“Pretty much all of my peanuts are at 30 to 60 days and the second fungicide is going out on a big part of the crop. As far as insects go, peanuts are very clean. But we just had a full moon, so I expect a bollworm flight pretty soon. Tomato spotted wilt is fairly light in peanuts, which strikes me as kind of odd, considering all the wet conditions.”


Guy Collins, Extension Cotton Specialist, North Carolina State University:

“This week has been a testament to the old saying here that we’re never more than 4 or 5 days away from a drought. Despite all the rain in recent weeks, it’s dry again in a lot of places. It was very hot last week, with some locations touching 100, and I’m seeing corn rolled up and a lot of wilting in pre-bloom cotton, which isn’t good. Even at this point, you might take some yield penalty when cotton wilts.


“I’m encouraging folks with pivots to turn them on. Don’t wait another 3 days to see if it rains, even though the forecast calls for a good chance today (7/4) and tomorrow. I’m encouraging everyone to hold off on plant growth regulator applications until we get more rain. The coastal plain is under more stress due to its sandier soils. That cotton needs a rain sooner rather than later. We sure don’t want to see it thrown into premature cutout.


“The Blacklands is the exception. They had too much rain more than a week ago, and those high-organic soils hold water longer. So, we’re seeing stunting and slow growth. It’s maybe not across the whole field but you can spot areas with poorer drainage.”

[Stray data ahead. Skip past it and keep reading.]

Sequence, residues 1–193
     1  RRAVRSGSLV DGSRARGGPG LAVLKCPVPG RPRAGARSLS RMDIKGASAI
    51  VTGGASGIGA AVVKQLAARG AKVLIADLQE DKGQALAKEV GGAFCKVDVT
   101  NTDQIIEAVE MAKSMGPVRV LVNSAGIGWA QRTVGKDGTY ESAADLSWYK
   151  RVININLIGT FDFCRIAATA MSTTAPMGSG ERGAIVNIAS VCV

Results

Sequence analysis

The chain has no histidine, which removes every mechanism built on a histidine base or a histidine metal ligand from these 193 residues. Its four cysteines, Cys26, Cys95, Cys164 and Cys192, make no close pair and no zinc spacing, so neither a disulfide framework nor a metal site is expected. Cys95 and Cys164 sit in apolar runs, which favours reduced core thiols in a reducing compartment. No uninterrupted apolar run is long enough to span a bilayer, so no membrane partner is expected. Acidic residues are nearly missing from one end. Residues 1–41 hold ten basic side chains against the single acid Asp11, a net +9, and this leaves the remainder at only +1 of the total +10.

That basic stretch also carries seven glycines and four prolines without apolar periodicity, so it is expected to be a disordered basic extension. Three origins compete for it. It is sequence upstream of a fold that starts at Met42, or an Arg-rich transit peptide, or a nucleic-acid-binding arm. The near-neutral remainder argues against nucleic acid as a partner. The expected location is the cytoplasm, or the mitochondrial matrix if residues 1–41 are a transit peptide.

Eddie McGriff, Regional Extension Agronomist, Centre, Alabama:

“Cotton is in pretty good shape and northeast Alabama isn’t experiencing some of the insect pressure people are reporting in the Tennessee Valley. We’re not seeing plant bug pressure, although I think it will build here, too.


“We’ve received rain and cotton is fruiting well. Also, we were able to mostly plant cotton on time this year. At this point (7/2), I would rate 60% to 70% of our cotton as excellent. The status for corn and soybeans is very similar. Corn is silking. Disease pressure has been about nil in both crops.”


Andrew Sawyer, Extension Agent, Thomas County, Georgia:

“Cotton varies from plants with 3 or 4 leaves to some that’s almost blooming or maybe has barely started in spots. The more aggressive cotton varieties need a plant growth regulator application if they haven’t already received one.



“Bacterial blight has shown up on a few varieties but not enough to get crazy about it. No reports of plant bugs yet but they’re the next thing that could turn up. Aphids are around but no treatments have been made to my knowledge.”


Ethan Carter, Regional Crop IPM, Marianna, Florida:

“We found first blooms 7 to 10 days ago, although they might have already opened in a few earlier fields before that. Over the last week, I’m seeing more and more fields that are blooming. On the other end of things, our youngest cotton has just a few true leaves. We had quite a few fields planted late due to all the rain. So far, I’m not seeing too many bugs or disease symptoms.